ALBANY, Ga. -- Darton College students Patrick Miller and Ashton Pace say they thought long and hard about the best way to conquer the 2,181-mile trek from Georgia to Maine known as the Appalachian Trail.
Their strategy is surprisingly simple.
"You put one foot in front of the other," Miller said. "We're pretty much throwing ourselves out there."
Nearly a year ago, the former Deerfield-Windsor classmates, both 20, decided they wanted an adventure, one that would stick with them for the rest of their lives.
They decided to hike the Appalachian Trail.
It is a daunting task. Hikers who attempt to complete the entire trail in one season are called "thru-hikers." Weather extremes, rugged terrain and the want-to required to complete the trek make it difficult.
According to the Appalachian Trail Conservatory, the success rate for thru-hikers is just 29 percent. Most thru-hikers trek northward from Georgia to Maine and start out in early spring to follow the warm weather as it moves north.
"We're not what you would call hard-core hikers," Miller admitted." We've hiked some in Colorado and took an eight-mile mini-hike on an approach trail last month. It was tough."
The two friends left Albany for the Georgia trail head at Springer Mountain on Thursday.
"We are a little concerned about the cold weather and storms," Pace said. "Some people have said we were leaving too early in the season, but we didn't want to miss two semesters of school.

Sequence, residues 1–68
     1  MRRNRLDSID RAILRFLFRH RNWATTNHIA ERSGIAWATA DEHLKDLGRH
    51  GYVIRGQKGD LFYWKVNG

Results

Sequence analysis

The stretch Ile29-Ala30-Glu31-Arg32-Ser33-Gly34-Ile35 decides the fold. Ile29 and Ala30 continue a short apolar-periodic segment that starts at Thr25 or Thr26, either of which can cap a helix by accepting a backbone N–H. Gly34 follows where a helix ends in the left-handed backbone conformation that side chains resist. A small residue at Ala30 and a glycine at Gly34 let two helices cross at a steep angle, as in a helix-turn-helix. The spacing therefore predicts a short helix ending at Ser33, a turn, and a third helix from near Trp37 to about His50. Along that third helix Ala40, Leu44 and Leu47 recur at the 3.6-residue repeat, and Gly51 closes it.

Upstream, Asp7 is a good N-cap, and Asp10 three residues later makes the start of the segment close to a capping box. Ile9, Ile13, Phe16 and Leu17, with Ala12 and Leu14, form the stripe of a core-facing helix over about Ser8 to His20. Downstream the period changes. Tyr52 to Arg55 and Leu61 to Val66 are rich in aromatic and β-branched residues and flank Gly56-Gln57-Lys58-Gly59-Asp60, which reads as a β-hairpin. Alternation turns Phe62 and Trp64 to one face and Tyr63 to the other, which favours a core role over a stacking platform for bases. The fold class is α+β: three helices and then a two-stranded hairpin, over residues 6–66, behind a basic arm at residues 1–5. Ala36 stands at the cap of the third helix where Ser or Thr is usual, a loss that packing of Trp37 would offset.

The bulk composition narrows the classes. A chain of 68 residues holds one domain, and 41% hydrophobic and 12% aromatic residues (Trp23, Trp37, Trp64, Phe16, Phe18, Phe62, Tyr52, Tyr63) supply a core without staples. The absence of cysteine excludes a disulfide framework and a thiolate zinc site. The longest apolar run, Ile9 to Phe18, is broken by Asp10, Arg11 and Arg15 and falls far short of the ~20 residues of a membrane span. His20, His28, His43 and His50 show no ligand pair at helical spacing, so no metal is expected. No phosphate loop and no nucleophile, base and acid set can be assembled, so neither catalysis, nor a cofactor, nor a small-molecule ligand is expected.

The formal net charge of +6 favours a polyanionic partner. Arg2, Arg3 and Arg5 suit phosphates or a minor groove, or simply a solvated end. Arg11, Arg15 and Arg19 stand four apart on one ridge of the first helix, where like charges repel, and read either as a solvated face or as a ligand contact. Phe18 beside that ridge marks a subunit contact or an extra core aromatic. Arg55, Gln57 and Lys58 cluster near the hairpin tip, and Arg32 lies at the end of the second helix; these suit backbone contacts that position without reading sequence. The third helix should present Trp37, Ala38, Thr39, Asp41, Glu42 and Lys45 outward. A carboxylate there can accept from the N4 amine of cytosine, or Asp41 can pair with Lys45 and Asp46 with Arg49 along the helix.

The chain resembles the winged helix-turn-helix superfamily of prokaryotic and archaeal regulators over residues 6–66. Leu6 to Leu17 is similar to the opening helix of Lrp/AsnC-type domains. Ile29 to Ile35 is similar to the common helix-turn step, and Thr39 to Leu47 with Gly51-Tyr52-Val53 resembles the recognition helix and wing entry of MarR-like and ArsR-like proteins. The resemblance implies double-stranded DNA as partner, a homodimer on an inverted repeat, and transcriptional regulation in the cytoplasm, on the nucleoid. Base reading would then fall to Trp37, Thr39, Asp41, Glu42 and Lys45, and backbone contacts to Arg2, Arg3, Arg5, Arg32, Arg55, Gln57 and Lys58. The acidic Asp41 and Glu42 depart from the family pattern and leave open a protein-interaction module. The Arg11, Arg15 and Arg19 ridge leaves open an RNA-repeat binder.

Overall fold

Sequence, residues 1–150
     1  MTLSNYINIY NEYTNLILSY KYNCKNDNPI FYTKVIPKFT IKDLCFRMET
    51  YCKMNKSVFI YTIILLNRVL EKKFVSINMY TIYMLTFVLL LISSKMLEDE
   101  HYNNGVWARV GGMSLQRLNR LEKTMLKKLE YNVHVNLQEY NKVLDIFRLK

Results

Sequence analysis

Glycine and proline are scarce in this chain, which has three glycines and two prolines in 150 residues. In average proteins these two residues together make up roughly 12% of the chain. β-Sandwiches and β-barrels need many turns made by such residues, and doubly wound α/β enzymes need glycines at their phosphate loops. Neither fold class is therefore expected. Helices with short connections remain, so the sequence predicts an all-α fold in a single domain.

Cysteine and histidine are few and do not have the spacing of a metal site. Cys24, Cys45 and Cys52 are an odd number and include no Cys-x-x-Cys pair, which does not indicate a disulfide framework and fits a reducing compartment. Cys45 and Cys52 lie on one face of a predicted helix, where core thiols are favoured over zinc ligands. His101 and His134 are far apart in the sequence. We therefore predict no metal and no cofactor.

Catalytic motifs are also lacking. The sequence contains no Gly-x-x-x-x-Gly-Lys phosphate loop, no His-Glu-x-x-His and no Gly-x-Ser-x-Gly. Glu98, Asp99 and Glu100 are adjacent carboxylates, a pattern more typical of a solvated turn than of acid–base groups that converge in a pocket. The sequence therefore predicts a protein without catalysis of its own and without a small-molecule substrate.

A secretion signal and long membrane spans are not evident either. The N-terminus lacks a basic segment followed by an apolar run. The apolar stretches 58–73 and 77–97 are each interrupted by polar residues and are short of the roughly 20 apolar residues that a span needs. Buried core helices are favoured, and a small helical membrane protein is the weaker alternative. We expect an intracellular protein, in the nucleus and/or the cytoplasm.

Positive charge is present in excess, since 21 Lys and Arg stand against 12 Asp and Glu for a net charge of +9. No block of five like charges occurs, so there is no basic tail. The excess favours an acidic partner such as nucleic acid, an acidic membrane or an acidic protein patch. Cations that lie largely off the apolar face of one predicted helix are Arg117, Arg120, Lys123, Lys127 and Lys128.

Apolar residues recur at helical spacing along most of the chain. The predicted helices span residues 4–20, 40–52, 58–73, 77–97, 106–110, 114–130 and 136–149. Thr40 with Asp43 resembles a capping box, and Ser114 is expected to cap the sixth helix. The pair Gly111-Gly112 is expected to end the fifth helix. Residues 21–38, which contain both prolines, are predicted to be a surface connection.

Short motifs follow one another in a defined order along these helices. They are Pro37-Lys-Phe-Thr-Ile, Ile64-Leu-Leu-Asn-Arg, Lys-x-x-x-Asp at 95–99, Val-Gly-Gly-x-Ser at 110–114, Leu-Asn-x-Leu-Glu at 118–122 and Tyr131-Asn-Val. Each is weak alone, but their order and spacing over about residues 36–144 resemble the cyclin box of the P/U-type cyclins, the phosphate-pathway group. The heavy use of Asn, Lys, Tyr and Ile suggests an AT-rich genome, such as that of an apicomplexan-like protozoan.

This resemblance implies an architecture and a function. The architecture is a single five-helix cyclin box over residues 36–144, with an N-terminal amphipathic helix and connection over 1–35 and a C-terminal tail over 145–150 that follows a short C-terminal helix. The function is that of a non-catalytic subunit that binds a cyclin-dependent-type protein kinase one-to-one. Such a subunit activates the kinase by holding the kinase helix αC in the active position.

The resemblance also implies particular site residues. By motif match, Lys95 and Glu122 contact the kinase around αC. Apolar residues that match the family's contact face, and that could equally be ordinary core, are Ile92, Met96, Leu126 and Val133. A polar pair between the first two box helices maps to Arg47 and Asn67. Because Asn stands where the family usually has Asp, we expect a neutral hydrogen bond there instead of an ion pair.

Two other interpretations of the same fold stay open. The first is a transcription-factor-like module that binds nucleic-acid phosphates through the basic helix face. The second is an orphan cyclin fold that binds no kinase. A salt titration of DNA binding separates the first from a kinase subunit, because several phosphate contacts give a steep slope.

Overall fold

"We're mentally prepared for this. I think you have to have a certain type of personality to try something like this."
"We both regard ourselves as spiritual people," he said. "We plan on using this opportunity to see new and different things every day and get closer to God. We know the weather could be bad early and we are prepared for temperatures from 10 to minus-five degrees.
"We're not completely dumb about this, we've done our research. If things change, they change. We'll be prepared."
Both men will carry 40-pound packs and a 10-day supply of food and water. They will replenish their supplies at towns and trading posts along the trail.
"We hope to average 10 miles a day, more or less, at the start," said Pace. "Then as we get in shape, we'll try to stretch it our to 20 or more. We had a guy who had hiked the trail before tell you that eventually you stop working in miles, but begin measuring the distance in peaks per day."
While the guys might be looking forward to their excellent adventure, Miller's mother, Carla Durden, has given her blessing reluctantly.
"I don't think they are crazy for doing it, but I do think they are crazy for leaving this early in February," Durden said. "But they are strong-willed kids and I can't stop them. I'll be praying a lot and my husband (Dr. Tim Durden) has given them an emergency locator device to use in case they get into trouble."
If all goes according to plan, Miller and Pace will reach the northern trailhead in Katahdin, Maine, sometime in August.
Until then, the duo will e-mail The Herald with updates and the paper will map the duo's progress in the newspaper and online at albanyherald.com.
And the only thing that is certain is they'll have to place one foot in front of the other to complete the journey.